Sunday, June 15, 2008

The Happening

From the moment Bruce Willis realized that he was dead in The Sixth Sense, most of M. Night Shyamalan's films have featured a rejection of an understandable, rational universe for a mysterious, magical one. In fact, Shyamalan's films seem anchored to this notion that there is more to heaven and earth than is dreamt of in our philosophies. Thus far, he has not done much more with this notion but craft increasingly desperate cinematic pleas that we all share this viewpoint with him. His last film was Lady in the Water, and its ludicrous, unbearable fairy-tale plot demanded an entire apartment community believe in pixies or whatever so that a writer could write a book that would singlehandedly make the world a better place (we'll generously ignore the fact that this writer was played by M. Night himself to avoid labored armchair psychoanalysis). While this theme in Shyamalan's films has only worked for me once before (with Mel Gibson's spiritual re-awakening in Signs), these filmed pleas (even the wretched Lady in the Water) have been at the very least compelling, if not ultimately convincing. And so arrives, The Happening, a film where Shyamalan (inadvertantly, I'd wager) points in the opposite direction; the plot awkwardly takes the magical and renders it rational. Poorly.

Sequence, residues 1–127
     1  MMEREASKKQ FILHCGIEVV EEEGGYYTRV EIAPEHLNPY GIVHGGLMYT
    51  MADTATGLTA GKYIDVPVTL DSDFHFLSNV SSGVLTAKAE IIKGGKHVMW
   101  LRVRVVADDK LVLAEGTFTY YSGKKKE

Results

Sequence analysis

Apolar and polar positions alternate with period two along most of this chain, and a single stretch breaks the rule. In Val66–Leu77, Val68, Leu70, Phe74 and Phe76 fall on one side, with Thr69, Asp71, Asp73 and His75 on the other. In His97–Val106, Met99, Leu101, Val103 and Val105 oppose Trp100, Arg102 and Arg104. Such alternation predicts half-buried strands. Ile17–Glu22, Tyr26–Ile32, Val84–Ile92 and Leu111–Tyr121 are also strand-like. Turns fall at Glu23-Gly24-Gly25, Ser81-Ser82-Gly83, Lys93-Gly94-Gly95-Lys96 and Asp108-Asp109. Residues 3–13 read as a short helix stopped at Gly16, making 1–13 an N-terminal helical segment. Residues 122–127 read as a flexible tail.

About halfway through this terrible movie, I gave up. I stayed to watch the rest of the film, if only to witness the disaster, but struggled to keep from shouting obscenities while the movie's idiocy drove me bats. At this point in the film, the main characters, supposedly intelligent adults, tried to outrun a gust of wind. This cannot be repeated enough. In The Happening, a group of people attempt to outrun the wind. And, from all cues, the movie thinks that such a thing might be possible and that, indeed, an audience would be willing to root for its heroes to defy reality in such a way. It was here I realized that I could no longer keep a list of the film's shortcomings in my head. The Happening bested me. I would love to type out a laundry list of this film's failures, pointing out what's wrong scene by scene and cackle with schadenfreude the whole while. Alas, the movie short-circuited my brain with so much mind-boggling awfulness, that I can only shake my head in awe. So, from here, let's all just take it for granted that the plotting, dialogue, acting, and pacing are pretty atrocious for a mainstream release like The Happening, and everyone involved is or will be smarting from a collective spanking delivered by hundreds of thousands of millions of people once they see this movie.